Welton has modeled an investment approach, specifically a multi-asset class trend following approach, and has measured how it would have performed if back-fitted into certain periods of sustained and sharp interest rate increases in the decades since the death of Bretton Woods.
We pause to mark the death of a man who, more than any other, was responsible for the creation of a spot market in crude oil in the hectic period after the Yom Kippur War.
To encourage further exchange and understanding, I went back to Mr. Rice, after reading a comment from our reader, and asked him to expand on managed funds and their noncorrelation with traditional (largely equity) investment strategies. Tags, Agriculture, Commodities, Derivatives
Three scholars find a very real possibility that there is a cause and effect relationship between index flows in the derivatives markets, at least the agricultural index markets, on the one hand and price moves in the underlying commodity on the other.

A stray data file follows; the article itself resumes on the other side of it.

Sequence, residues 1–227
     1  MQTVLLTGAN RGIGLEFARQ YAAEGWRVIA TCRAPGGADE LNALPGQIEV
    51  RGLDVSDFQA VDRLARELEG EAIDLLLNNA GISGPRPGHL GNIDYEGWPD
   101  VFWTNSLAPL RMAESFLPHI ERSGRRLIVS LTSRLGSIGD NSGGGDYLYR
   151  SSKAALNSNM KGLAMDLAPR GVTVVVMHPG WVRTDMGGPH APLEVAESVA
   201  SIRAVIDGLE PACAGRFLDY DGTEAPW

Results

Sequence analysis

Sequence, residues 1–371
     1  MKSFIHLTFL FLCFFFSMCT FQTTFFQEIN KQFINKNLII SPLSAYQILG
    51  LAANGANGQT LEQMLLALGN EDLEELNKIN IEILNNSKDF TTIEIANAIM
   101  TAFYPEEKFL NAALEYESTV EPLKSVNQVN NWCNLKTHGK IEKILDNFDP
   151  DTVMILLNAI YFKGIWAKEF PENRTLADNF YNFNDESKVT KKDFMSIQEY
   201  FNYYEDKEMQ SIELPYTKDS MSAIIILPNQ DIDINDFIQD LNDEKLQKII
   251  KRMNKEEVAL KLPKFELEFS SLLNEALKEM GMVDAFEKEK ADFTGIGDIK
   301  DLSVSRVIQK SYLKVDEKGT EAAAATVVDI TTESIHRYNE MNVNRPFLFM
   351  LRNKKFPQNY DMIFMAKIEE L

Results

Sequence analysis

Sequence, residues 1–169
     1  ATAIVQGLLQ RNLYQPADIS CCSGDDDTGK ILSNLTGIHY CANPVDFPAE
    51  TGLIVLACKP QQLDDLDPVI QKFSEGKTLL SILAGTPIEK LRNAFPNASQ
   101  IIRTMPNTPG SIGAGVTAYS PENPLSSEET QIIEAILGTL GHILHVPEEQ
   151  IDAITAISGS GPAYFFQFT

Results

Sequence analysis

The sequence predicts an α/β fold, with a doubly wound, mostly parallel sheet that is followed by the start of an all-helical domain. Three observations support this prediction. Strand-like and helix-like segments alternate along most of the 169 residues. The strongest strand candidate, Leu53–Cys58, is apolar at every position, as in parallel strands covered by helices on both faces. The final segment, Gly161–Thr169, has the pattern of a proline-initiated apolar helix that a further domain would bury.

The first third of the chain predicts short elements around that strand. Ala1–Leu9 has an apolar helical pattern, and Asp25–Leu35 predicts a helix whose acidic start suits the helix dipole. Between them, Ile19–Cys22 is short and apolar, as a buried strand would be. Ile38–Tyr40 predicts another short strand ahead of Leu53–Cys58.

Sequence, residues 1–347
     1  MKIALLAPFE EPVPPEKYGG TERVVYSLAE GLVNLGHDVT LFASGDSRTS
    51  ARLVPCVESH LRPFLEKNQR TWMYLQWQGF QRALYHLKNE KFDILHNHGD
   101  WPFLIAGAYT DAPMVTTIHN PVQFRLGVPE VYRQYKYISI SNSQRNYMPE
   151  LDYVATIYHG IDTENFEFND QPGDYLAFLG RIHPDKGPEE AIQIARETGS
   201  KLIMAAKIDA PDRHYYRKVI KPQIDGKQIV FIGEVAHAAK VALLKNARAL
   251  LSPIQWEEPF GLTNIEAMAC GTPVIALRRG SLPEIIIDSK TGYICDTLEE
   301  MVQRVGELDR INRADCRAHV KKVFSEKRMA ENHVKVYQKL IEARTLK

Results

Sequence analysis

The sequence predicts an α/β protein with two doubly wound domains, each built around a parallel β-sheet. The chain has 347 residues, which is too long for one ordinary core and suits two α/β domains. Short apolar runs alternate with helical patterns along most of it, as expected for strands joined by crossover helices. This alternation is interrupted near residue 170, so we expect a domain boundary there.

This book, The Alternative Answer: The Nontraditional Investments that Drive the World's Best-Performing Portfolios is an appeal to the retail investor, to those author Bob Rice calls "typical investors," passing along the good news that they are no longer "stuck with the children's menu of investment options."
As a three-judge panel of the D.C. Appeals Court saw it, there were two questions in the Brian Hunter case. First, did the CEA’s language encompass manipulation of NG futures contracts as part of the exclusive jurisdiction of intervener CFTC? Second, if so, was that repealed or modified by the 2005 legislation?